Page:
Wind: To match one’s body with one’s heart
Sand: To take the bearer where they wish
Song: In praise of the goddess Bird
Bone: To move unheard in the night
The Surun’ nomads do not speak of the master weaver, Benesret, who creates the cloth of bone for assassins in the Great Burri Desert. But aged Uiziya must find her aunt in order to learn the final weave, although the price for knowledge may be far too dear to pay.
Among the Khana in the springflower city of Iyar, women travel in caravans to trade, while men remain in the inner quarter, as scholars. A nameless man struggles to embody Khana masculinity, after many years of performing the life of a woman, trader, wife, and grandmother.
As his past catches up, the nameless man must choose between the life he dreamed of and Uiziya—while Uiziya must discover how to challenge the evil Ruler of Iyar, and to weave from deaths that matter.
In this breathtaking debut set in R. B. Lemberg’s beloved Birdverse, The Four Profound Weaves offers a timeless chronicle of claiming one’s identity in a hostile world.
About the Birdverse:
The Birdverse is the creation of fantasy author R. B. Lemberg. It is a complex, culturally diverse world, with a range of LGBTQIA characters and different family configurations. Named after its deity, Bird, Birdverse shorter works have been nominated the Nebula, Hugo, Tiptree award, and Rhysling awards. The Four Profound Weaves is the first full-length work set in the Birdverse.BIOGRAPHYR. B. Lemberg is a queer, bigender immigrant from Eastern Europe and Israel. Their stories and poems have appeared in Lightspeed Magazine’s Queers Destroy Science Fiction!, Beneath Ceaseless Skies, Uncanny Magazine, Sisters of the Revolution: A Feminist Speculative Fiction Anthology, and many other venues. R.B.’s work has been a finalist for the Nebula, Crawford, and other awards. You can find more of their work on their Patreon (patreon.com/rblemberg) and a full bio at rblemberg.net.
Everybody seemed to have gone to the trading tents, and so I made my way there as well. I was hoping to see my grandchildren, always too busy those days to spend time with me. It was true that I did not want to be trading, but if someone was trading, Aviya for sure would be there.
The trading tents were open to the air, supported with carved poles to which the lightweight cloths of the roof attached festive woven ribbons. People milled under these awnings, mostly women—Surun’ weavers of all ages, each with a carpet or carpets for sale; and a few of their beloved snakes. The crowd parted as I entered, and in that moment my fears came true.
Three men stood in the middle of the trading tent. They had the gold rods of trade, and gold coins sewn onto the trim of their red felt hats. The men’s eyes shone; their dark beards were groomed and oiled, and adorned with the tiniest bells that shook and jingled as they bent over the wares. I sensed powerful magic from all three of them. Their magic – multiple short deepnames – shone in their minds, each deepname like a flaring, spiky star. I was powerful myself, but the strangers’ power was that of capturing, of imprisonment, of destruction, held tightly at bay. The vision made me recoil. These men—and it was always men—belonged to the Ruler of Iyar. The Collector.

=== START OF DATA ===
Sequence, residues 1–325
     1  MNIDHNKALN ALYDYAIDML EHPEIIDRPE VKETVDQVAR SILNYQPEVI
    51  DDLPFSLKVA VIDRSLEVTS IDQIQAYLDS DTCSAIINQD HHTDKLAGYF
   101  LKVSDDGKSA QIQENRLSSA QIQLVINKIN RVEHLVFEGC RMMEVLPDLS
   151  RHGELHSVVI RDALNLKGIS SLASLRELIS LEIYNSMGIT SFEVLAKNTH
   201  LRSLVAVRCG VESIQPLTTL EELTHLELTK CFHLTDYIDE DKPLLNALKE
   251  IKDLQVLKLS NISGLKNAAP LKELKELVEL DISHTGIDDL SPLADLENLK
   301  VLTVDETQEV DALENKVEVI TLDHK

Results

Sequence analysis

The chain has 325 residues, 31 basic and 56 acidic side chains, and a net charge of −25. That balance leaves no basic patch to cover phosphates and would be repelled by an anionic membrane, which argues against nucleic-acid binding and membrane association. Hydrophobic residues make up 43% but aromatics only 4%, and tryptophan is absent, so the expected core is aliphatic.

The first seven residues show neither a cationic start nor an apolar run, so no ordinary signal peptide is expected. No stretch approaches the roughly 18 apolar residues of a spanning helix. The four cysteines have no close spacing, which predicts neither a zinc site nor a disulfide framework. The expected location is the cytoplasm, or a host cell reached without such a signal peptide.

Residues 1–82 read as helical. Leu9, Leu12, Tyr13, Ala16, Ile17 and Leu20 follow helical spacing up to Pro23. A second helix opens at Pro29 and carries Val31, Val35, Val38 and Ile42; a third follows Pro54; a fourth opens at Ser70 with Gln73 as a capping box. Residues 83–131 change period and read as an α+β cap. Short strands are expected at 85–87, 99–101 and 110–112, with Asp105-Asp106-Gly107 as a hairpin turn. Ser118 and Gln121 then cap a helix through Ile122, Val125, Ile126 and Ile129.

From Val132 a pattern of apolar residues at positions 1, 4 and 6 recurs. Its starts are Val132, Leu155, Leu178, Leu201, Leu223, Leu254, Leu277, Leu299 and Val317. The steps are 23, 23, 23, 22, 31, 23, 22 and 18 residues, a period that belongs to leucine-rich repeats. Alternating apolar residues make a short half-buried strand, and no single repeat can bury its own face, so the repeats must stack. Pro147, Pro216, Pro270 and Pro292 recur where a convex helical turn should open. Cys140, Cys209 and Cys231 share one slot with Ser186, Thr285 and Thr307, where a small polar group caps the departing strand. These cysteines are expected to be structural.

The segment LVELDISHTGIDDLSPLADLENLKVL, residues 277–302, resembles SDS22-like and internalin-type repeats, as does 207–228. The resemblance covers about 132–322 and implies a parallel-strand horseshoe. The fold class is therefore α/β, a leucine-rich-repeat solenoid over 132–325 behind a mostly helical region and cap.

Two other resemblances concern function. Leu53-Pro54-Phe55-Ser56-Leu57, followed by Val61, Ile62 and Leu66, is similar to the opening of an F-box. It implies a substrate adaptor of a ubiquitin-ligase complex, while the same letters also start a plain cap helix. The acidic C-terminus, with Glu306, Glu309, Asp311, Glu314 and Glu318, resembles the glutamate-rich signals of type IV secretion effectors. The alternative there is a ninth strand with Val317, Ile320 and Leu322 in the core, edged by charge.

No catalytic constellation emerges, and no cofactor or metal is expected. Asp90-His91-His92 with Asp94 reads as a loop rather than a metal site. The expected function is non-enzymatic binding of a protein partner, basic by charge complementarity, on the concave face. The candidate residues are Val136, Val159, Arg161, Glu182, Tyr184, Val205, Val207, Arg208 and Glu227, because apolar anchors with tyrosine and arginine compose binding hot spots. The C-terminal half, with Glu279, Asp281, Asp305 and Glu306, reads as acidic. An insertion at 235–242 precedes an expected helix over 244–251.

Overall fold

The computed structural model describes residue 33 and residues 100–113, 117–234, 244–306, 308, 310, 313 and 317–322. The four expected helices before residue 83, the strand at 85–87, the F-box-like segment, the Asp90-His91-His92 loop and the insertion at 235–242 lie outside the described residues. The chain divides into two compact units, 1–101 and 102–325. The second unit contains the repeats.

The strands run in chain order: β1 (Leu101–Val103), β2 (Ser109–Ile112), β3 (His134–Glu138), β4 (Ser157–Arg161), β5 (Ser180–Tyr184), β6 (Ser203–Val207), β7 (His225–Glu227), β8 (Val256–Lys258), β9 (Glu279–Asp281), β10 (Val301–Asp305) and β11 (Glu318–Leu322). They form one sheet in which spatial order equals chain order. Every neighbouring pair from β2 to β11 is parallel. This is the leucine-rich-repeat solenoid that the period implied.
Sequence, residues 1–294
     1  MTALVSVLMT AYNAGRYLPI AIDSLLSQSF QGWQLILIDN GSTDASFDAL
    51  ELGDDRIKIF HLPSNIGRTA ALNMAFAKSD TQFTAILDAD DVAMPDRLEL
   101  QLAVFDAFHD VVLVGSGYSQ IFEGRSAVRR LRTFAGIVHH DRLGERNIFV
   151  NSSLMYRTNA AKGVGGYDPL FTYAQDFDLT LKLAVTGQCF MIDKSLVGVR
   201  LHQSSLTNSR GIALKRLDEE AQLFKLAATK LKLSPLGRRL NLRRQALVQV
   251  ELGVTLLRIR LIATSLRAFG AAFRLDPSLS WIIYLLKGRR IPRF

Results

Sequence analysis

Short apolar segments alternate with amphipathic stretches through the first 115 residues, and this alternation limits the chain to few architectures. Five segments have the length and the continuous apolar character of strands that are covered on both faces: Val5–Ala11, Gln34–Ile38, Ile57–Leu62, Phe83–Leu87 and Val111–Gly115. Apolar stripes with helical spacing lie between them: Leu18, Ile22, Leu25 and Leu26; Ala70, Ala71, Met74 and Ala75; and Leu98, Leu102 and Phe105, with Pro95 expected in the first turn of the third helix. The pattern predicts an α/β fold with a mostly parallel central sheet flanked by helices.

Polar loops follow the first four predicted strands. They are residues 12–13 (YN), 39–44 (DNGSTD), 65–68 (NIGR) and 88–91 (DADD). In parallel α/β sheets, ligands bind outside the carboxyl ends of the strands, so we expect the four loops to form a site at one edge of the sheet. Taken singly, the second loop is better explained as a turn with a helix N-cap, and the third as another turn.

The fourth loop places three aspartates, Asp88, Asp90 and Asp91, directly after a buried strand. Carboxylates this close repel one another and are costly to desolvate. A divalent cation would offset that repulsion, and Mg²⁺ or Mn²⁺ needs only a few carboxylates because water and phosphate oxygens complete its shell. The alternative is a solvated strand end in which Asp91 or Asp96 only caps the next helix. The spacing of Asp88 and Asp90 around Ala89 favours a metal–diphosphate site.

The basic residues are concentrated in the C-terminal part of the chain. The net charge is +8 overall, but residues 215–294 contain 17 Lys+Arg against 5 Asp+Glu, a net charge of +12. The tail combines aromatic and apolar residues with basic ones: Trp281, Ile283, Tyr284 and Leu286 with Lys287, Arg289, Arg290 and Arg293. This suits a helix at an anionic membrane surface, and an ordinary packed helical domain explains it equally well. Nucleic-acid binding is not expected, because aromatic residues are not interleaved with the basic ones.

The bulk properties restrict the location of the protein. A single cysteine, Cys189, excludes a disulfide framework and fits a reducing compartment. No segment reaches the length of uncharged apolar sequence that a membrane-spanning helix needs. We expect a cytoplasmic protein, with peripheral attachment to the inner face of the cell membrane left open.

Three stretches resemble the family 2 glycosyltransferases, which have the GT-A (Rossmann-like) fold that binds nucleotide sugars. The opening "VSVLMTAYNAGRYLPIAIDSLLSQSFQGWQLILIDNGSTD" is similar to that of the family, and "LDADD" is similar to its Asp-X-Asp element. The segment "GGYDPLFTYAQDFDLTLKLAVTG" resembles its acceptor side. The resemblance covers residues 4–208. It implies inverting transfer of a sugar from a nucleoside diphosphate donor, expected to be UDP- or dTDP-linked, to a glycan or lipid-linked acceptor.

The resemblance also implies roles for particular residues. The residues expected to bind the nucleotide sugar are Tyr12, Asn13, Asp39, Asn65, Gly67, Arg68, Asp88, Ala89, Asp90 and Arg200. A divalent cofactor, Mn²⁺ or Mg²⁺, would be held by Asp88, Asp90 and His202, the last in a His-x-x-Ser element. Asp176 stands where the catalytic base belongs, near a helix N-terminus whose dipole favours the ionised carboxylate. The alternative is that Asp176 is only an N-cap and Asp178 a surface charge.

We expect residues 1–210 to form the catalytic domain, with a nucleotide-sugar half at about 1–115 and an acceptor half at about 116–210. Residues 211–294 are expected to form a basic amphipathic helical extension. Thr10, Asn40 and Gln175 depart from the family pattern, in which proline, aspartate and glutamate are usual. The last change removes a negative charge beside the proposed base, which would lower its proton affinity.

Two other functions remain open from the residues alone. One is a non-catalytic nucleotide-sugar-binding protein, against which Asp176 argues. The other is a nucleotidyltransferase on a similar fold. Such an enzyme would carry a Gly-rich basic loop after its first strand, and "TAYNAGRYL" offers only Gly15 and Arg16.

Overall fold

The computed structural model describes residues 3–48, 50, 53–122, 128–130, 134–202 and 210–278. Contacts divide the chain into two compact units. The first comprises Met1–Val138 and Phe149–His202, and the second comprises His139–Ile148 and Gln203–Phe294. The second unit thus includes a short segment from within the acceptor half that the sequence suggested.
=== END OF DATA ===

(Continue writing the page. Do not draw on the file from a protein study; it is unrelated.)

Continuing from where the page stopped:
I had been living here for three months with my grandchildren, among our friends the snake-Surun’. Almost three months after my transformation, my ceremony of change. I thought I had finally broken free from Iyar. But now Iyar came here.
My Surun’ friends did not seem to feel any danger. They brought forth carpet after carpet, traditional indigo weaves embroidered with lions, with snakes, with birds, and more modern designs of dyed madder and bold geometric shapes. The Iyari traders examined the offerings one by one yet chose nothing, their faces still with masked disgust.
I wanted to shout at my friends to stop this trade. I wanted to run away, to escape unseen. I wanted to fight, to strike at these men, to demand recompense for all the wrongs the Collector inflicted upon me and mine forty years ago.
But then I saw my granddaughter.
Aviya-nai-Bashri was dressed in her trading best—a matching shirt and voluminous pants of green and pink cloth that contrasted so beautifully with her smooth brown skin. Her fish earrings, fashioned of hammered silver, chimed in tune with her words. Her Surun’ friends, all girls of nineteen and twenty, milled around, giggling with excitement.
“We offer a carpet of wind,” Aviya nai-Bashri all but sang, “A cloth woven of purest wind caught wandering over the desert—a treasure like this you will never see . . .”
The carpet she offered was small and exquisite, made from the tiniest movements of air that come awake, breath after breath, as the dawn tints the desert pink and silver. The threads that made the carpet were delicate flurries of blue not so much woven but whispered into cloth, convinced to come together by the magic of deepnames and laughter.
I’d never seen this weave, but knew who made it. My youngest grandchild. Something like tears welled in my eyes, but I would not allow myself that emotion. I looked around instead, and yes, I saw Kimi, a child of twelve, dancing between two guardian snakes. Kimi laughed, and a flurry of pink butterflies shook themselves loose from the carpet of wind. They sparkled in the air for a moment, then winked out of sight, delicate like my grandchild’s magic.
I remembered Uiziya’s words, spoken to me before my ceremony. The first of the Four Profound Weaves is woven from wind. It signifies change.